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Sustainable Strategic Supply Chain Leadership and Management

FEATURED PAPER

By Prof Pieter G Steyn, Principal

Cranefield College of Project and Programme Management

South Africa
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Abstract:

How to achieve sustainable supply chain performance has remained a complex challenge.  Full commitment to process orientation and process management is required. Cultures of bureaucratic organisations do not allow for strategic supply chain management, and the challenge is for them to transform to learning organisation paradigms and structures. The author advocates the effective utilisation of two cross-functional supply chain structures, being customer-focused (on the demand side) and capacity-focused (on the supply side), and a programme management system that includes a Balanced Scorecard for performance appraisal. In line with the conclusion of the Ohio State studies that leadership style effectiveness depends on situational factors, it is proposed that leaders should purposefully influence these factors by creating a supply chain configuration and culture conducive to learning and knowledge management. This will facilitate the successful application of a leadership style with high consideration and high initiating structure, which is essential. Moreover, it is critically important for organisations substantially to improve leadership acumen if they wish to achieve sustainable strategic supply chain success. Executives and supply chain managers have the added responsibility of acting as change agents for transforming the bureaucratic organisation to a learning entity.

The need for sustainable strategic supply chain management

Naslung and Williamson (2010) conclude that most people agree to the importance and potential benefits of supply chain management, but that it does not occur often enough in practice. Organisations struggle to evolve from theory to the successful implementation of supply chain management. Mostly absent in practice are seamless chains, optimised flows, and networks of integrated organisations. These authors contend that, since the objective is to improve dynamic relationships, methodical approaches to the implementation of supply chain management are needed, supported by sound empirically-based research to continue to develop the field.

Designing, developing and managing cross-organisational processes are serious challenges when one takes into consideration that most organisations are still struggling with internal process management. They go so far as to say that few, if any, examples exist of truly process-oriented organisations, yet process management is mentioned by prominent researchers and practitioners as a prerequisite for successful supply chain management. These authors continue to express concern that the supply chain does not have clear roles or rules, measurement, and reward systems. They ask the question: “How can such a structure possibly be managed?”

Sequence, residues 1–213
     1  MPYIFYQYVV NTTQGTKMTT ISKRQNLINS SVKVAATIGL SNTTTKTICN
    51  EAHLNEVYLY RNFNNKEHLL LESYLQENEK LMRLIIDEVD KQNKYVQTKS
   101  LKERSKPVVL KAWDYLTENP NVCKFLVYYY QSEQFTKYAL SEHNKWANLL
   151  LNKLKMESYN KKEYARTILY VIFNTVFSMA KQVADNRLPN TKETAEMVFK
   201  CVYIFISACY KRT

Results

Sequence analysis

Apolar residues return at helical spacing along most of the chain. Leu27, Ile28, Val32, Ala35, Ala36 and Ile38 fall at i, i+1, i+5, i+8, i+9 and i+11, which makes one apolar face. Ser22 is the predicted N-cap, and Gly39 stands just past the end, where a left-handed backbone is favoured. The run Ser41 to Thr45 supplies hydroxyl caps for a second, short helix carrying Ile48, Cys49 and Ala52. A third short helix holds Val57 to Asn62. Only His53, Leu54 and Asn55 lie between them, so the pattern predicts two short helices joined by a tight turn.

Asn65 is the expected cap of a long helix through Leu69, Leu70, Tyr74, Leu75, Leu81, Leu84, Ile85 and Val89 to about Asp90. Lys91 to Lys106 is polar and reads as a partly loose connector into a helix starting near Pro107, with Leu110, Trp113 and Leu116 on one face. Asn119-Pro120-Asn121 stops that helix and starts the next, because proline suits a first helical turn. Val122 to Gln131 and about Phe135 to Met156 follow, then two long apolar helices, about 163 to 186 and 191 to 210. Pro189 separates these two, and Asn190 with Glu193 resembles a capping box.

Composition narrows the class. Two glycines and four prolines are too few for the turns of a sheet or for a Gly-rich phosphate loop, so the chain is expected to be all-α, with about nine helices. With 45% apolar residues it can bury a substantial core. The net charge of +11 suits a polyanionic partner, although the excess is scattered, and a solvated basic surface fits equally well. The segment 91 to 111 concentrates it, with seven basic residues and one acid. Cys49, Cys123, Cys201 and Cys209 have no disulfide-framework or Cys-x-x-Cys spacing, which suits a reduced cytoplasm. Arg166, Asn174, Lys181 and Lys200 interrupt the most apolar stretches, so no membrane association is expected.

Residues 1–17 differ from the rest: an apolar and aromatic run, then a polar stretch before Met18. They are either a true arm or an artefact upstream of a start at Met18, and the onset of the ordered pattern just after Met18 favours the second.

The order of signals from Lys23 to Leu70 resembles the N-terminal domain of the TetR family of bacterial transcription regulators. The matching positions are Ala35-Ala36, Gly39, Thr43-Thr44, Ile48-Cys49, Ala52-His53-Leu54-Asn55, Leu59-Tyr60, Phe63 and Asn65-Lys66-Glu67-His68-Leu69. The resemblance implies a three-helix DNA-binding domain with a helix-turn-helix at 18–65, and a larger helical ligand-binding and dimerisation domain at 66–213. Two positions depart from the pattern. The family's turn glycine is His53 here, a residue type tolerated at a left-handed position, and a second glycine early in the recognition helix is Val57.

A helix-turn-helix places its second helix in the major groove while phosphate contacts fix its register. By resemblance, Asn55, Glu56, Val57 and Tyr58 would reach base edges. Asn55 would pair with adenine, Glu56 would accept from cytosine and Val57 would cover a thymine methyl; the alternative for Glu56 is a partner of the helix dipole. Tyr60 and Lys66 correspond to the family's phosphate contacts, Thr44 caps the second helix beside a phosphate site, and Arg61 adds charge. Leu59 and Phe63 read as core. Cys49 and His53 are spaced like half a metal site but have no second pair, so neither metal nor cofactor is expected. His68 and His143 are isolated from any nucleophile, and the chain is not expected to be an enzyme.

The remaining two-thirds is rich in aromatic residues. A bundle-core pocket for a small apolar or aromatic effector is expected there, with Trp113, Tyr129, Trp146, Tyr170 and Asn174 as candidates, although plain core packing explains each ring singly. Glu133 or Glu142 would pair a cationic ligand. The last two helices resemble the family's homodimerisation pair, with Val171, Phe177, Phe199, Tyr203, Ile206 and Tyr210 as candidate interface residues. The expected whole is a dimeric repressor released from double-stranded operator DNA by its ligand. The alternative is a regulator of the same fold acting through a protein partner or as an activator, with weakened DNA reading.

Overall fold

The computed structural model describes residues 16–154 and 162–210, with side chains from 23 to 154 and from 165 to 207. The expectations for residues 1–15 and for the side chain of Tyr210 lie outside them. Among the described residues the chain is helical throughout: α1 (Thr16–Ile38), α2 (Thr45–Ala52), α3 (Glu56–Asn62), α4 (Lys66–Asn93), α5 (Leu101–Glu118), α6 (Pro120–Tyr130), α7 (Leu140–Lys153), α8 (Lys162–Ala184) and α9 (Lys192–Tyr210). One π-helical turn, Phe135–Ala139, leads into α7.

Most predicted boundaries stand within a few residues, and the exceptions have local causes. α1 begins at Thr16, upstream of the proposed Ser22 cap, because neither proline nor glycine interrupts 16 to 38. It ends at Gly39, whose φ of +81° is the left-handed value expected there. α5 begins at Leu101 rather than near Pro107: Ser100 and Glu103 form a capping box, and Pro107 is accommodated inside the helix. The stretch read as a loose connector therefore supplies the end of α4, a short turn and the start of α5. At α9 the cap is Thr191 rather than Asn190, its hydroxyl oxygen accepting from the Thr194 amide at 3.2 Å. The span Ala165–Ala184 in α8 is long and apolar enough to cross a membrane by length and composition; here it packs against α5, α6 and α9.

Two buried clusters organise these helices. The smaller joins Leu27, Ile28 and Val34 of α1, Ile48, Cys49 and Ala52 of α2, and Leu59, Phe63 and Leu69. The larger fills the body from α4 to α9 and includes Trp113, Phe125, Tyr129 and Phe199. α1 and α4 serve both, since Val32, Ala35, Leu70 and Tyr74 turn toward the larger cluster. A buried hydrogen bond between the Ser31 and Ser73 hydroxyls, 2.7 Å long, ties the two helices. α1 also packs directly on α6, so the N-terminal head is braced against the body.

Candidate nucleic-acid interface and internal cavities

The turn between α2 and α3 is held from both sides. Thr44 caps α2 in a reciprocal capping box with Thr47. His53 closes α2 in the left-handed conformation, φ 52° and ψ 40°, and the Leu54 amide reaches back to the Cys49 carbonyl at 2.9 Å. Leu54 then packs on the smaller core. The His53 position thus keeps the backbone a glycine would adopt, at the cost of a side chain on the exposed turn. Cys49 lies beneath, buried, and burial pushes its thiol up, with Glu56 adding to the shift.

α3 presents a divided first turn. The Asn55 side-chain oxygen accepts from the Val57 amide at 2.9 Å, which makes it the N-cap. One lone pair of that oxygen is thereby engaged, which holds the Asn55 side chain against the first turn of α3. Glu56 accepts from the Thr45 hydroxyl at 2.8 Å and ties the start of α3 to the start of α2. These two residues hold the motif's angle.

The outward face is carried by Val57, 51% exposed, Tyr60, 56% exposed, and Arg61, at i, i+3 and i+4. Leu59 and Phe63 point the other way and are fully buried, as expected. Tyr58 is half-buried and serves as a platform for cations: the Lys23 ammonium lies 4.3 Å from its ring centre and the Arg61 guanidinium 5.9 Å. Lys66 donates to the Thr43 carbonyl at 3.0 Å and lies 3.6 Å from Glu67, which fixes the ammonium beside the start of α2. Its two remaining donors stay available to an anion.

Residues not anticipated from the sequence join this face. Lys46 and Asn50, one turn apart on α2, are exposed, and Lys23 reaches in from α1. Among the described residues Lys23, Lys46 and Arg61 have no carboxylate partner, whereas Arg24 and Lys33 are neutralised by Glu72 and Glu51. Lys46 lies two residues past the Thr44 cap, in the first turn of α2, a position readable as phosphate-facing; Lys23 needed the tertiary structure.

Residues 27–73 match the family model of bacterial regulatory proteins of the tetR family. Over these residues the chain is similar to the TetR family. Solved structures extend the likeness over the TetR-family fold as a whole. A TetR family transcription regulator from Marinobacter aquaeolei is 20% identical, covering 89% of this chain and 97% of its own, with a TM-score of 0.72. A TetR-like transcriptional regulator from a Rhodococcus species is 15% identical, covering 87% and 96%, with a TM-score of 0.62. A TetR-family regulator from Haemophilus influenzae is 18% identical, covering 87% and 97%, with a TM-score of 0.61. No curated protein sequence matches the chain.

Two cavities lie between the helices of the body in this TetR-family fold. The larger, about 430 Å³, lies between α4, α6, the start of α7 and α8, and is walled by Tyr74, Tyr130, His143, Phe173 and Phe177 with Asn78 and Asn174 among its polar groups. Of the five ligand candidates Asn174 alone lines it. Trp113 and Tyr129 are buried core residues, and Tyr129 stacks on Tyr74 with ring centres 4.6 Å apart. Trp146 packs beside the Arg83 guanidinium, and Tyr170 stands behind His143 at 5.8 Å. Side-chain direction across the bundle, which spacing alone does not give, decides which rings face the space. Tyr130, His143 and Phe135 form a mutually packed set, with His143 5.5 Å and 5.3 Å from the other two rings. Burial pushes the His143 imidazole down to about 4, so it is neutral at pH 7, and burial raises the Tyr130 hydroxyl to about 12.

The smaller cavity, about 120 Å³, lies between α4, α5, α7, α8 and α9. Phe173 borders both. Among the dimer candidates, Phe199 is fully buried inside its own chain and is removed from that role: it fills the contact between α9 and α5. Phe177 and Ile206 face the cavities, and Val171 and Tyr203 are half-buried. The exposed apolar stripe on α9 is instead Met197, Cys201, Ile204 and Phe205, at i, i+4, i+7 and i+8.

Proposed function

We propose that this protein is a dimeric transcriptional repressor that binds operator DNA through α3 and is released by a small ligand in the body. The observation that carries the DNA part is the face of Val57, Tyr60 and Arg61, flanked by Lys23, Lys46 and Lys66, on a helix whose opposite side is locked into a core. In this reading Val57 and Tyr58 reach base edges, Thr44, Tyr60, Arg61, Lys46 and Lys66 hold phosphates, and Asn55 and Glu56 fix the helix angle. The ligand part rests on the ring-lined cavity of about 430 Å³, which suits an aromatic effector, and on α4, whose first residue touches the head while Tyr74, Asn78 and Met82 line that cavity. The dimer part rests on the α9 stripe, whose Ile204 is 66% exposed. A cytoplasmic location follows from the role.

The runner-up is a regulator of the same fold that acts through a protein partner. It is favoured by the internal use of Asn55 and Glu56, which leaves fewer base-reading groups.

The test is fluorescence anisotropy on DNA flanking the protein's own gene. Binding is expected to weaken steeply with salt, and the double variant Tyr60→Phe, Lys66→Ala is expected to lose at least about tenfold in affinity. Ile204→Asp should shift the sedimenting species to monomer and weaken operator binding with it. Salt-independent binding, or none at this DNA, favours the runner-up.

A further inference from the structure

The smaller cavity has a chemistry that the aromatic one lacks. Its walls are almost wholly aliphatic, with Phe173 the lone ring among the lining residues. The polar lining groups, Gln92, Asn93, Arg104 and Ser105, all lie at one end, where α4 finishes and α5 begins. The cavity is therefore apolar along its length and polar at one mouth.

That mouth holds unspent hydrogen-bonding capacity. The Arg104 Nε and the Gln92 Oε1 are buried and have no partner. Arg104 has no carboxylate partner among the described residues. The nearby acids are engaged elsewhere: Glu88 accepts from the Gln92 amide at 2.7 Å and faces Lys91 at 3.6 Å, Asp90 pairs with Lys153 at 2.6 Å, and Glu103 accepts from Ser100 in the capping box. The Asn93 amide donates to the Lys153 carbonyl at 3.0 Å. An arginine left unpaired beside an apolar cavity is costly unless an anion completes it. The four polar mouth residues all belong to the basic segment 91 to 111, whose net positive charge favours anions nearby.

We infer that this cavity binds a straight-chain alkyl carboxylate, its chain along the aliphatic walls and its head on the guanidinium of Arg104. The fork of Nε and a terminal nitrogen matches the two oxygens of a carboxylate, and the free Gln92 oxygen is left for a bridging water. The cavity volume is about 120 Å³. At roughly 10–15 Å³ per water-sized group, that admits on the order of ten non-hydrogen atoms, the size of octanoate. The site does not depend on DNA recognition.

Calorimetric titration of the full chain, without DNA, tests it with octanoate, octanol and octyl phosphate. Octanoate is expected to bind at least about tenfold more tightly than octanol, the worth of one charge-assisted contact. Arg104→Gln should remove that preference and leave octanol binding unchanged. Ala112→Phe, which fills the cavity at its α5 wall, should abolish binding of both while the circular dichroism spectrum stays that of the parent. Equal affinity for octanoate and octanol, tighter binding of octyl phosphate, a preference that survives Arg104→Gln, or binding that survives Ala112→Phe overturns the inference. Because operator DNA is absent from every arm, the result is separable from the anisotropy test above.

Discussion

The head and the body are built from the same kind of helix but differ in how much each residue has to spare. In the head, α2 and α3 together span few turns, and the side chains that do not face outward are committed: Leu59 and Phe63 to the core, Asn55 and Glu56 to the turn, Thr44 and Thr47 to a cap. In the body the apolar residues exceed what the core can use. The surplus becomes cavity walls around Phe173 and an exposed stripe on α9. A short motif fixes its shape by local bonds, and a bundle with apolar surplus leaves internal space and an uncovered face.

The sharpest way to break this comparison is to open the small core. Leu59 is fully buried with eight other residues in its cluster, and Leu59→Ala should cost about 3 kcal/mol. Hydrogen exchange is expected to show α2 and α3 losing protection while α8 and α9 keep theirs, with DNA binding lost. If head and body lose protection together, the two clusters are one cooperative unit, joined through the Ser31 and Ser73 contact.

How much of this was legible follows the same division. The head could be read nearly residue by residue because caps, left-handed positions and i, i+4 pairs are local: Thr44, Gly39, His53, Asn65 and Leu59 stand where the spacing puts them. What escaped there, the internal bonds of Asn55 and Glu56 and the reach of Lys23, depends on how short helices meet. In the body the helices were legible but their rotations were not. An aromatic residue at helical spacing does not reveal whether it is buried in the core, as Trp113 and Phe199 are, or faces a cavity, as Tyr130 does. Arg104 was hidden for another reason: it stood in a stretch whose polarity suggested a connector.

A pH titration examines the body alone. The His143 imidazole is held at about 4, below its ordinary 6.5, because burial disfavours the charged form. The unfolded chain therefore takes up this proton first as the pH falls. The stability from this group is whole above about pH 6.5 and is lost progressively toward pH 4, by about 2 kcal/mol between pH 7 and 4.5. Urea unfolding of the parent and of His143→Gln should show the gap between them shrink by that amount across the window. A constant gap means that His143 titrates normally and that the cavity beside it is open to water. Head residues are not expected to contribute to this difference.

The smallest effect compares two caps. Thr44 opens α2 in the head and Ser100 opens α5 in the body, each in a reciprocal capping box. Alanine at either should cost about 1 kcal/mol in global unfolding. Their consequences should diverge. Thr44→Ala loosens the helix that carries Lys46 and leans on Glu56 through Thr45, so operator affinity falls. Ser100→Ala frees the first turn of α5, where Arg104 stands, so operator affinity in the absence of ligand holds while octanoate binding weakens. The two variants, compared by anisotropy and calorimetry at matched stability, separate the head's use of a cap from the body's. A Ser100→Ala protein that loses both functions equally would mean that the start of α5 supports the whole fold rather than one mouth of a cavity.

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About the Author

Prof. Dr. Pieter Steyn

Founder, Head Director, Principal, Professor

Cranefield College of Project and Programme Management

Johannesburg & Western Cape, South Africa

Dr. Pieter Steyn is Founder and Principal of Cranefield College of Project and Programme Management, a South African Council on Higher Education / Dept of Education accredited and registered Private Higher Education Institution offering an Advanced Diploma, Postgraduate Diploma and Master’s Degree in project and programme-based leadership and management. Professor Steyn holds an engineering degree (BSc Eng), MBA and Doctorate in business management and is a registered Professional Engineer. Dr. Steyn founded consulting engineering firm Steyn & Van Rensburg (SVR) in 1970. (Projects included First National Bank Head Office (Bank City), Standard Bank Head Office, Mandela Square (all in Johannesburg), Game City and The Wheel Shopping Centres (Durban)). He was appointed professor in the Department of Management, University of South Africa (1976), was Founder Chairperson (1977) of the Production Management Institute of South Africa, and helped pioneer Project Management as a university subject at the post-graduate level in 1979 at the University of South Africa. He was professor of Project and Operations Management at the TUKS Graduate School of Management, University of Pretoria from 1990 until retiring in 1998. Pieter was Chairperson of the Commission of Enquiry into the Swaziland Civil Service in 1993; Project Leader of the Strategic Management Team for the Gauteng Government’s Welfare Department and Corporate Core, 1994 to 1996. He founded the Cranefield College of Project and Programme Management in 1998. Pieter is co-author of the “International Handbook of Production and Operations Management,” (Cassell, London, 1989, ed. Ray Wild) and author of many articles and papers on leadership and management. Pieter is a founder Fellow of the Production Management Institute of South Africa, and a member of the Association of Business Leadership, Industrial Engineering Institute, Engineering Association of South Africa and Project Management South Africa (PMSA). He is founder and past President of the Association of Project Management, South Africa (APMSA) and South Africa’s former representative on the Council of Delegates of the International Project Management Association (IPMA), 2000-2005. He is currently a member of IPMA’s Research Management Board (since 2007).   Pieter is also Director of the De Doornkraal Wine Estate in Riversdale, Western Cape.  Prof Steyn can be contacted at  [email protected].  For information about Cranefield College, visit ww.cranefield.ac.za.